America’s second Sexual Revolution (after an aborted try in the 1920s) was an outgrowth of the 1960s counterculture. It cast aside traditional sexual restraints and began a decade or more of alternative eroticism, experimentation, and "free love." In part facilitated by the development of the Pill and other contraceptives, Americans in the 60s and 70s broke many sexual taboos, including interracial dating, open homosexuality, communal living, casual nudity, and "dirty talk." Surveys during the 1970s reported that by the age of nineteen, four-fifths of all males and two-thirds of all females had had sex, quite a change from earlier decades. Fashion designers promoted a new sensuality, producing miniskirts, hot pants, halter tops, impossibly tight jeans, and other formfitting clothes designed to accentuate and awaken men’s and women’s sexuality.

America had been going through very strange times for much of the twentieth century, first with World War I, then the excesses of the Roaring Twenties, then the Depression, and then World War II. As early as 1913, Current Opinion declared it was "sex o’clock" in America, writing, "A wave of sex hysteria and sex discussion seems to have invaded this country. Our former reticence on matters of sex is giving way to a frankness that would startle even Paris." Sex in America seemed to blossom in the 1920s. As unprecedented prosperity and sweeping social change dazzled the public, the restrictions of the Victorian nineteenth century vanished, and many of the institutions, ideas, and preoccupations of our own age emerged. America became, for the first time, thoroughly Modern. Joseph Moncure March wrote his famous book-length poem The Wild Party in 1926, though it took him two years to find a publisher brave enough to publish it. A kind of obscene, more nihilistic take on Shakespeare’s A Midsummer Night’s Dream, this notorious, streetwise poem painted a vivid picture of a decadent and deadly all-night party in late 1920s Manhattan, capturing the potent cocktail of bewildered innocence and sexual cynicism, poised at the fiery peak of the Jazz Age.

But the Depression put an end to that as America returned to Puritanism during the 1930s and 40s. Then in 1948, Alfred Kinsey published his world shattering Sexual Behavior in the Human Male, which declared that more than 90% of American men had masturbated, more than half had had affairs, 69% had used prostitutes, and 39% had reached an orgasm with another man. Not surprisingly, the book was an overnight bestseller. Of course, Kinsey hadn’t changed sex in America; he had just told us what we were all doing, especially the things no one talked about. Suddenly, almost overnight, Americans were talking about sex – in detail – over their kitchen tables. Politicians immediately denounced all this as immoral and shocking and announced that it would mean the end of The Family (just as religious extremists today tell us that gay marriage will destroy the American Family). Needless to say, none of these folks were happy when Kinsey published his next book in 1953, Sexual Behavior in the Human Female. This study revealed that 33% of American women were not virgins when they married, 13% had had sex with more than six partners, and 69% of unmarried women who’d had premarital sex had no regrets about it.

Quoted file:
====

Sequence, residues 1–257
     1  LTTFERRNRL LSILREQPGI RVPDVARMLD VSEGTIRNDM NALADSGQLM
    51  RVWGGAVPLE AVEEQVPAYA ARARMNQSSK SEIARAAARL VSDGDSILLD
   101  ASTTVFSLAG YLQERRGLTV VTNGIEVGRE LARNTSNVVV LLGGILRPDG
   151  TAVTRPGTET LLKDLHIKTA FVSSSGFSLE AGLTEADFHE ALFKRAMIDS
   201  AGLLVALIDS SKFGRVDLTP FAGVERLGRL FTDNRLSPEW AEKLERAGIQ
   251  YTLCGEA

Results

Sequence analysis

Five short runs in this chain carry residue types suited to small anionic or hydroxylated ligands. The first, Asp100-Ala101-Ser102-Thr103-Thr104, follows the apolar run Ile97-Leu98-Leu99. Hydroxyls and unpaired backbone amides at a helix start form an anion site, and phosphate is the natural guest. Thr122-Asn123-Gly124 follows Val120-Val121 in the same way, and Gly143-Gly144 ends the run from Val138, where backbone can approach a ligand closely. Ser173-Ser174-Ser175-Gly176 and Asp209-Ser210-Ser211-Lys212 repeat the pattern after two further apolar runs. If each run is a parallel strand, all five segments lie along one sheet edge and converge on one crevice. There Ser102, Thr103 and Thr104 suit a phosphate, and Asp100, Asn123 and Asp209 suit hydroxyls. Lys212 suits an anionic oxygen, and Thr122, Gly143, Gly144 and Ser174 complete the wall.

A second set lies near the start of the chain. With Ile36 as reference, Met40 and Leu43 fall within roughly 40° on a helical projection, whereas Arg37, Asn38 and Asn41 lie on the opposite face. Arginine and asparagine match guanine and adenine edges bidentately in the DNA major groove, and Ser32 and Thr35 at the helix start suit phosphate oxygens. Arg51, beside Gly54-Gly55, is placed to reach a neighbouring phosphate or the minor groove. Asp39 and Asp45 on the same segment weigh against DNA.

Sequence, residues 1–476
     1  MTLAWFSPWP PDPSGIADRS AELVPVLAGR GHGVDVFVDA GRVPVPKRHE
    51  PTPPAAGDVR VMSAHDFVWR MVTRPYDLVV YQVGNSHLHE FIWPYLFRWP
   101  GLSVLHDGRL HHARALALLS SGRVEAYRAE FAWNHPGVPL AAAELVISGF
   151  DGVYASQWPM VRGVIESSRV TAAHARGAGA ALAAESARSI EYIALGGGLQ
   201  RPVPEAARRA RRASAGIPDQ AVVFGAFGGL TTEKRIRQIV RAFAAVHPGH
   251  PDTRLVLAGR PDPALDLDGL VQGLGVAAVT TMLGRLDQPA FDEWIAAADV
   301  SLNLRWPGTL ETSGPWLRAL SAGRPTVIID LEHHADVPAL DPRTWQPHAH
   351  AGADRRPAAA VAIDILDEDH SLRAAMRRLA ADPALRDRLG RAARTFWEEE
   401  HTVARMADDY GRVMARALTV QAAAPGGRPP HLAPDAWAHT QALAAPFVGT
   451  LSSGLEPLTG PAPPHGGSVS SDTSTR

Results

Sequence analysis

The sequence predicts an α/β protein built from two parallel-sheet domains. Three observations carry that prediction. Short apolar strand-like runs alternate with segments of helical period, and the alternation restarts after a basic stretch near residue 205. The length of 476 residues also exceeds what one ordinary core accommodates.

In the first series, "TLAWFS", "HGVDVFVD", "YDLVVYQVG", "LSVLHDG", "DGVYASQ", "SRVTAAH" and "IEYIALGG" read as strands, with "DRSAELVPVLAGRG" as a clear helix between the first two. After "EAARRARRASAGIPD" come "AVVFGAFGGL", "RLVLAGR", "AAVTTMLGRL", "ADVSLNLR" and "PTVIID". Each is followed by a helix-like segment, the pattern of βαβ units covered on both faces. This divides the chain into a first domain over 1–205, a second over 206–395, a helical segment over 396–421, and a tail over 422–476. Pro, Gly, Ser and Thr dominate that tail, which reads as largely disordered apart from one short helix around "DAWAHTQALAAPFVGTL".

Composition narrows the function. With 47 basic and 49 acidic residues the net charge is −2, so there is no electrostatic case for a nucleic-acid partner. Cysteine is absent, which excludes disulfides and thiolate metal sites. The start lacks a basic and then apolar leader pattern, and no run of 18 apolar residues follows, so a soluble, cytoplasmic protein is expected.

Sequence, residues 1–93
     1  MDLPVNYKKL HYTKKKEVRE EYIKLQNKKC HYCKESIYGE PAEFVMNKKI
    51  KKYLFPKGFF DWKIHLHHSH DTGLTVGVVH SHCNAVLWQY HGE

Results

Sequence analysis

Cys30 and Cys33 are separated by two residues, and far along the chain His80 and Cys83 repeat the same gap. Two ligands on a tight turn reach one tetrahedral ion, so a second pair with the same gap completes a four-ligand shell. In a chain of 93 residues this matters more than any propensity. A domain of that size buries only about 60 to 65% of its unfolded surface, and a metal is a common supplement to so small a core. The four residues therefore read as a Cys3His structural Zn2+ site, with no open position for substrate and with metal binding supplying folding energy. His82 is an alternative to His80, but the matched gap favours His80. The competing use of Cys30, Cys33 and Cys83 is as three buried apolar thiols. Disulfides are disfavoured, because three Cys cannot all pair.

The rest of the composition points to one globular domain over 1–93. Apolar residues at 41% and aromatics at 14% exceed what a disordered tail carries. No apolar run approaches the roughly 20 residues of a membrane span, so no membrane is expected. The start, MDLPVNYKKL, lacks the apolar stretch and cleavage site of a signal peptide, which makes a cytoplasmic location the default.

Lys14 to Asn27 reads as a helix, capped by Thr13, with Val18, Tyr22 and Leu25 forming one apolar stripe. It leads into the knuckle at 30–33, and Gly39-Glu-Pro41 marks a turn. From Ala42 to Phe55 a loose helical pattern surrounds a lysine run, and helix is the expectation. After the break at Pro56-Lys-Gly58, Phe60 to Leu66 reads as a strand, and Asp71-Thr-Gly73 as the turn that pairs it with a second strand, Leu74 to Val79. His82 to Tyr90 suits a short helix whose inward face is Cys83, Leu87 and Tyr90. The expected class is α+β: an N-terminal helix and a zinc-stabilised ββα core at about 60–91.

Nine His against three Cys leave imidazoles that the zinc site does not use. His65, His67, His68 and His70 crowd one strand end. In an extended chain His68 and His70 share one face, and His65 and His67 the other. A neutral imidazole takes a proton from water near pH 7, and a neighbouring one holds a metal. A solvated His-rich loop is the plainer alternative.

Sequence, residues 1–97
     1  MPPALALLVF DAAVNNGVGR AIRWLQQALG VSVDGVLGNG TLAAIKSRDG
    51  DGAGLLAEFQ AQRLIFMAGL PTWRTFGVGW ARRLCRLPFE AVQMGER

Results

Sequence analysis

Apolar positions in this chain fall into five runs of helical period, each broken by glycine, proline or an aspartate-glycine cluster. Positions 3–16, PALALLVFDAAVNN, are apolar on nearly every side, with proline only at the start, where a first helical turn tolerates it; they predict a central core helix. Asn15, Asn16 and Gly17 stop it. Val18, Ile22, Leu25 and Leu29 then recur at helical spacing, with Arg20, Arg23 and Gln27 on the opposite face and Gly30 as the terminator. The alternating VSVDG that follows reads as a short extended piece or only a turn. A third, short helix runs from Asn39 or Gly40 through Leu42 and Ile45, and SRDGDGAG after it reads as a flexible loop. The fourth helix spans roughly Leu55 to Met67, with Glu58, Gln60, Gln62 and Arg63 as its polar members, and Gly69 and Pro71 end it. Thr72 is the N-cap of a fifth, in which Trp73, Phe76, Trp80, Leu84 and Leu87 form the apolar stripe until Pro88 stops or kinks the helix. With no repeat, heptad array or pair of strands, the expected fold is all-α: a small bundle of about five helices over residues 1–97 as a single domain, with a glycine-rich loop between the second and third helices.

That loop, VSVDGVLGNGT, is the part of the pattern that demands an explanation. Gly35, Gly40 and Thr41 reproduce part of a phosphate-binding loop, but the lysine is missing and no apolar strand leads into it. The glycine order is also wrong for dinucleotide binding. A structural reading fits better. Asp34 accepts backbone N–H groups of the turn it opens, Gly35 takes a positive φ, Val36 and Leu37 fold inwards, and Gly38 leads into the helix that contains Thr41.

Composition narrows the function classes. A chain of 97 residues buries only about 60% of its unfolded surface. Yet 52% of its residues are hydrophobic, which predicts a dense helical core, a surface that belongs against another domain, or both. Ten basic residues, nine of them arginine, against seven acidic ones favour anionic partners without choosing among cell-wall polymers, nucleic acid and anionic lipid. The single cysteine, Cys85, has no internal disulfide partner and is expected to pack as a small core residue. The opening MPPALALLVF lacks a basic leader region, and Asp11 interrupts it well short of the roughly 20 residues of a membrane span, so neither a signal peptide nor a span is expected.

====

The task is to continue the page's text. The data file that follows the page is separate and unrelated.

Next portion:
Still, the women who had learned during World War II that they could work, that they could participate actively in society, that they could have lives outside the home while their men were away – and that they did not have to be economically dependent on men – were all now thrust back into the roles of wife and mother after the war. After having discovered genuine independence and freedom, they were now put back into their old repressive roles. A newly repressive government, cranking out new enemies and fears every day, tried to forge a parallel in a renewed sexual repression. After decades of social chaos and after some real sexual freedom during the war, the already puritanical American society became even more repressive to try to restore the pre-war social order, desperate to find some kind of calm, some kind of safety and predictability, trying to return to the Victorian moral standards of the previous century, putting women back in the home, back in the kitchen, back in metaphorical chastity belts, and back on repressive pedestals, all of which was, of course, impossible. The genie could not be put back in the lamp. As there had been during other times of social upheaval (like the turn of the century and the Depression), there was a real friction between the demands for conformity and conservatism, versus the instinctive human need to express oneself, made even worse by the taste of freedom women had gotten while their husbands and boyfriends were off fighting in Europe and the Pacific.